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Now eclipsing Spain as the Brit retiree’s new favourite destination, many are flocking to Cyprus. Mediterranean sun, affordability and genuine hospitality saw many older expats upping sticks and jetting to the island which is both Turkish and Greek.
Before joining the EU in 2004 and swapping the Cypriot pound for the euro in 2008, the cost of living in Cyprus was much lower than it currently is now. However, compared to the UK, there are still some services, goods and commodities which are still more affordable in comparison. Homegrown fruit and vegetables, local spirits, wine, beer, rent and public transport are up to 50% cheaper in Cyprus. The only thing that can be surprisingly expensive is dairy products as there are very few cattle on the island.
Expats starting a new life in Cyprus will arrive at one of two international airports on the island; Larnaca (LCA) or Paphos (PFO). Flight times tend to vary between four and five hours. Expats who will need to return home can purchase flights for as little as £50 one way.
Many international removals companies will be able to help Brits moving to Cyprus who wish to take their household belongings with them. However, some simply pack a suitcase and rent semi-furnished or furnished homes as a starting point.
Those who currently wish to retire in Cyprus do not need a visa to enter the country. There is speculation that this could change due to Brexit. However, as it stands, this is the case.
Those who intend on living in Cyprus, or visiting for more than three months, will need to apply for a residence permit through their local immigration office. The form expats need to fill in is he MEU1A, for which there is a fee. However, this is a one-off at the permit does not need to be renewed.
After five years of residency, expats can apply for a permanent registration certificate.
As it stands, British expats in Cyprus can receive their state pension directly into their bank account and there are no restrictions. Some pensioners also receive other benefits depending upon their personal circumstances, for example, sickness or bereavement allowance.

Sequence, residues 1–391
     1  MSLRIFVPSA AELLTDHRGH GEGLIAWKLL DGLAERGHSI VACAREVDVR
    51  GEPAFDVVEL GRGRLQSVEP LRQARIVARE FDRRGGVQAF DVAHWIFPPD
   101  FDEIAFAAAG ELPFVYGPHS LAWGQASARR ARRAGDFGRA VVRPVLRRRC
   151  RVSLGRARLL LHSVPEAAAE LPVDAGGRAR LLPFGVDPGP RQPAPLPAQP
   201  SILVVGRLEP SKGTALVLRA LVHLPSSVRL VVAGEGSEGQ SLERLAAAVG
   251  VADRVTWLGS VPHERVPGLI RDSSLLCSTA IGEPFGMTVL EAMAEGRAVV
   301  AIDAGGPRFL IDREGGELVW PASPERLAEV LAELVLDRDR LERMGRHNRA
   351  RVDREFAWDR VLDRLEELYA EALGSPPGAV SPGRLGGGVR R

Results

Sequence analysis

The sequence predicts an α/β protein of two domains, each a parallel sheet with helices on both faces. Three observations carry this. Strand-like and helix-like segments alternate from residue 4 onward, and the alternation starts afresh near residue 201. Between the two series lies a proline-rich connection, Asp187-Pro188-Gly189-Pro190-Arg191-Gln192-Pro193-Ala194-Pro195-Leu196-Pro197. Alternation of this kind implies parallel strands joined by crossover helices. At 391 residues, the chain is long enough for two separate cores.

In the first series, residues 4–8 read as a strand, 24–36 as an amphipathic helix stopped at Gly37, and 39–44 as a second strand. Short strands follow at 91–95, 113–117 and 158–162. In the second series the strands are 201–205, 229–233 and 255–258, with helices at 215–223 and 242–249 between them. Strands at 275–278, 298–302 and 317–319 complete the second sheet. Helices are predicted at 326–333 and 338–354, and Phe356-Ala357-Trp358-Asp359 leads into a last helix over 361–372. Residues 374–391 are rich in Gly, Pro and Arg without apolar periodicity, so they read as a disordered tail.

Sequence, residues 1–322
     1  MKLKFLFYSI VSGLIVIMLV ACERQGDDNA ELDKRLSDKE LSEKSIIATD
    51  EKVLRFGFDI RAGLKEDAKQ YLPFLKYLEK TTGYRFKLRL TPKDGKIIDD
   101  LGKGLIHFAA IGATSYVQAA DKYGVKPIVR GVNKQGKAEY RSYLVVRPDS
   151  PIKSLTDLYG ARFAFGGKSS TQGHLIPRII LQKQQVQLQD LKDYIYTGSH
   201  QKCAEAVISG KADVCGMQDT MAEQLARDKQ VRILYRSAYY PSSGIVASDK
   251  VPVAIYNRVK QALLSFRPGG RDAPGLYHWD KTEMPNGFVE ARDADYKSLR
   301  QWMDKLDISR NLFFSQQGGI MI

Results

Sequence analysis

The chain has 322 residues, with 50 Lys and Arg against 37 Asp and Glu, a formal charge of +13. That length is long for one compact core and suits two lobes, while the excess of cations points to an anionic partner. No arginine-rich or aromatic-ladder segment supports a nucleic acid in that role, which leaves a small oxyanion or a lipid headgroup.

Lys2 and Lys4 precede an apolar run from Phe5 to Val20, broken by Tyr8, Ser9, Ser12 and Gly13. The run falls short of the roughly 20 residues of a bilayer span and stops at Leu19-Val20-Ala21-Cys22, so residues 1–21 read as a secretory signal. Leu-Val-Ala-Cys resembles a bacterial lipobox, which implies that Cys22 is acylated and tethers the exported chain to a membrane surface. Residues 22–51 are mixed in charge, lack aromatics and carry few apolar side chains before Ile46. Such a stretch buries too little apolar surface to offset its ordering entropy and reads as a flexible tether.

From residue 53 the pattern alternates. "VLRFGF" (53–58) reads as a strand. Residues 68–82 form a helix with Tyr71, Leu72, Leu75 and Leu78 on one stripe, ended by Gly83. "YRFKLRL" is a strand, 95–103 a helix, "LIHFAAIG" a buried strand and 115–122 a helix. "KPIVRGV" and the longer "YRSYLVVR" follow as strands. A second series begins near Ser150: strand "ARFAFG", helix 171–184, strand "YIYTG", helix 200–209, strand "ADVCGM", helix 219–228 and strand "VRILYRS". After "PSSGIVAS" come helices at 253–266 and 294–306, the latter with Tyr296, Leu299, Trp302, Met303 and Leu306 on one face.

You will hear many expats who have bought homes in Cyprus warn others about issues with title deeds. Whilst there are pitfalls when it comes to securing a home on the island (and many happily rent) some retirees wish to make things more permanent by buying a new home.
If you wish to purchase a home in Cyprus always check an estate agent’s registration and harness the professional help of an English or English-speaking solicitor for peace of mind. Everything, even potential property choices, should be cleared by your legal representative and their advice will prove incredibly valuable.
Many Brits also hire a surveyor. This can speed up the overall process of buying a home in Cyprus.
Many expat retirees in Cyprus do feel a car is helpful when living on the island and it is regarded as the most effective way of getting around. Road signs are usually always in English (as well as Greek) and there is rarely any traffic.
Brits can drive freely on their UK license. Those from the USA, Canada, South Africa, New Zealand and Australia can drive for up to six months. Non-EU expats can drive for up to 30 days and then will have to apply for an international driving license.
Those expats who pay into the Cypriot social security system can receive state healthcare. However, this may also apply if:
Failing this, you will need to ensure that you have comprehensive private medical insurance.
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Expatriate Group & Expatriate Healthcare are trading styles of Strategic Insurance Services Limited who is authorised and regulated by the Financial Conduct Authority (FCA). FCA Firm reference Number is 307133. Strategic Insurance Services Limited is authorised to carry on Regulated Activities in accordance with the permissions granted by the FCA under PART IV of the Financial Services and Markets ACT 2000.